Subjectivity and Objectivity
What is self? What’s Admirable About Being Able to See Yourself Objectively?
As I have introduced in the last post “What is Consciousness?”, because we humans have consciousness, we are conscious of seeing.
We see the world through consciousness.
As I mentioned in the last post, when the ventral visual pathway in sense of seeing is damaged, the sense that “I am seeing” will be lost.
The feeling that we feel, “I am seeing” this scenery around us only arises when there’s consciousness.
Animals except us humans do not see things in the same way.
In order to make a robot with the same mind of human’s, we need to invent this consciousness.
Then, how can we make consciousness?
First, I am going to explain the superiority of consciousness to unconsciousness.
In the Case of No Consciousness
In the case of no consciousness refers to the settings I have introduced in the last post, a frog, line tracer and riding a bicycle.
Our brain observes data entered in sensory organs such as eyes all the time, and when a data of designated pattern is entered, the brain acts on apt for the situation.
From data input to output, it is systemized as a series of flow, and already-designated patterns are being carried out automatically.
For instance, in the case of a line tracer, it judges its trajectory merely based on four points.
Four sensors lined up in a line judge whether each point is white or black, and that is how it determines how far away it is located from the line.
The world it is seeing is very simplified one as it only judges the situation in four black and white points.
For a line tracer, the world is merely four black-and-white points.
It’s the same in the case of a frog, too.
It judges bugs in front of its eyes from whether it is moving or not, hence the only indicator for it is the movement.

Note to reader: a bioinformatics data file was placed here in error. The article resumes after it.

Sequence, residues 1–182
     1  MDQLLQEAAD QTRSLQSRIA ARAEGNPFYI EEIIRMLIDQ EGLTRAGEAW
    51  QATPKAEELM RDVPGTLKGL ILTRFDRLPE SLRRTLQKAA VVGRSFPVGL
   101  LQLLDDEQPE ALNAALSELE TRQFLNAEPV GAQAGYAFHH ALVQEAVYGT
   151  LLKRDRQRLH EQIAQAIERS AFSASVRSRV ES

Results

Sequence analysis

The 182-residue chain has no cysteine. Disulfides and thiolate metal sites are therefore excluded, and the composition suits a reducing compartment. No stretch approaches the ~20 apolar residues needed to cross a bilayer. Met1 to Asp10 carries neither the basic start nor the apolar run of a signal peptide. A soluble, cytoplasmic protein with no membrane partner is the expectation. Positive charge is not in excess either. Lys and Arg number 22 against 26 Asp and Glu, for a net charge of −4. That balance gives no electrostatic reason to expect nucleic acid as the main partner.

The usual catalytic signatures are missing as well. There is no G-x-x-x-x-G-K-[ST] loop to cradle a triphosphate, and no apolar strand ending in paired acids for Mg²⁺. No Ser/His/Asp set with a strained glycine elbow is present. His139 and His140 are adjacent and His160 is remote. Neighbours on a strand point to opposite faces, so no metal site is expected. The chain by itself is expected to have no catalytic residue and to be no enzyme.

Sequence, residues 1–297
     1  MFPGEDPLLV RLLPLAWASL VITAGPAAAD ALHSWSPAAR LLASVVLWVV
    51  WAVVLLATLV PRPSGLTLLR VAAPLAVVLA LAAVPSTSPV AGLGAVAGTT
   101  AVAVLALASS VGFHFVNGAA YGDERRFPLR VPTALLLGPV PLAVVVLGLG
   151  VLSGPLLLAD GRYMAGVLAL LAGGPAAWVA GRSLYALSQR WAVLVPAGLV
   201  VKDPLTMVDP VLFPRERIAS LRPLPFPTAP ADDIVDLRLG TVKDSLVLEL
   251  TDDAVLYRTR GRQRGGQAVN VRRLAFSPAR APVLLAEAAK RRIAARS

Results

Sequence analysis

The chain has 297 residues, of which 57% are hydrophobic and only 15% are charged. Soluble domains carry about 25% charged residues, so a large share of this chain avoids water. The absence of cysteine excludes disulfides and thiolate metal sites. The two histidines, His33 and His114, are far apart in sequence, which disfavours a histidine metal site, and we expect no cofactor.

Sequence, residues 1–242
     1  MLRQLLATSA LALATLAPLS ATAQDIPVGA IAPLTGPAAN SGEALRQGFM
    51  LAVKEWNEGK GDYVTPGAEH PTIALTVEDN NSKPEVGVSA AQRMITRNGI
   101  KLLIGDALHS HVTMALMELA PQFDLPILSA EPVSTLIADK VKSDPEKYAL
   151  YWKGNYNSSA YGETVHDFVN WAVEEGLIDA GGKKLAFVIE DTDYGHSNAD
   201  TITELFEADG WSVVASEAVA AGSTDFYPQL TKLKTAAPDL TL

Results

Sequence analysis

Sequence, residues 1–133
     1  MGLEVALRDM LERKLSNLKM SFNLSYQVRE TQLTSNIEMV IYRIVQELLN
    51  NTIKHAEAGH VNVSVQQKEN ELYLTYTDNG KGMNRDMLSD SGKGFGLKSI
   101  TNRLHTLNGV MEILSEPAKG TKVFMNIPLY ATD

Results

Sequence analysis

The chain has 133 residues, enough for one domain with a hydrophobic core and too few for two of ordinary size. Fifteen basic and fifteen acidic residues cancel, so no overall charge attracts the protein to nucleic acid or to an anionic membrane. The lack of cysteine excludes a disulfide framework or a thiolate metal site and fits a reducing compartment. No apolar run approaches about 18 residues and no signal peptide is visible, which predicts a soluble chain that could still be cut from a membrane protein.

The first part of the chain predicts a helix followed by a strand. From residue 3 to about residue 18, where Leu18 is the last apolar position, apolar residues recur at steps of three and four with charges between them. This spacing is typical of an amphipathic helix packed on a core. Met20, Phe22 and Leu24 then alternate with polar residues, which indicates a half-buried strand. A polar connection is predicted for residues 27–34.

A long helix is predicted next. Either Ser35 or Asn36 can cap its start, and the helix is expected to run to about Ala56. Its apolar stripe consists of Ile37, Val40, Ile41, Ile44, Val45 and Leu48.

The problem with this unconsciousness model is that it can only respond to certain designated patterns.
In the case of a line tracer, one little trash on the path will derail its track.
In the case of a frog, it will eat any bug in front of it – it might die from eating toxic bugs.
This problem can be solved through evolution.
For instance, let’s say a yellow bug is toxic.
Frogs with the gene that doesn’t eat the yellow bugs survive, and their offspring will prosper.
This is how some species that have adapted and modified to the changes of the environment survive.
Yet, sometimes adaption takes tens of thousands of years.
Obviously, species which couldn’t adapt to their changing environment perish.
In our sense though, how well will our offspring prosper if we ourselves die, it won’t mean anything.
You have to be able to adapt to the environment around you.
That’s how Consciousness came about.
In the Case of Consciousness
With consciousness, you can debate “when do I want to eat this apple?”.
Or a thought like “can I eat this yellow bug? The last time I had it I felt uncomfortable, so I will avoid it”.
Therefore, you think first and it alters your action pattern later.
You don’t have to take tens of thousands of years to evolve; you can easily adapt to alterations by learning.
As you can see, consciousness is far more developed than having no consciousness – but how can we build the model of consciousness?
Let’s think of the example of a frog.
When it simply judges things in front of its eyes by its little movement, it doesn’t take colors into its consideration.
It doesn’t know whether color is important, or shape or anything else.
It shouldn’t just rely on the little movement to make a judgement.
To be able to respond to any situation, you have to be flexible to any possible scenario out there.
Not just identifying simple patterns, you have to be able to identify the situation itself.
That is to say, to identify the world as it is.
This is the crucial point of consciousness.
Then how do we identify the world, as it is?
Can I simply film the environment around me on a CCD camera and project it?
Let us try and project the movie we capture with our eyes.
Who is going to identify the projected image here in this case?
To identify the image, you need another person for identifying it.
As if there is a little person inside your head.
Now, for the little person to identify it, it needs another smaller person inside.
This is called homunculus inside head and famous for being the paradox in the artificial intelligence.
As long as you employ homunculus, you can’t solve anything.
Then, how can we identify the world without employing homunculus?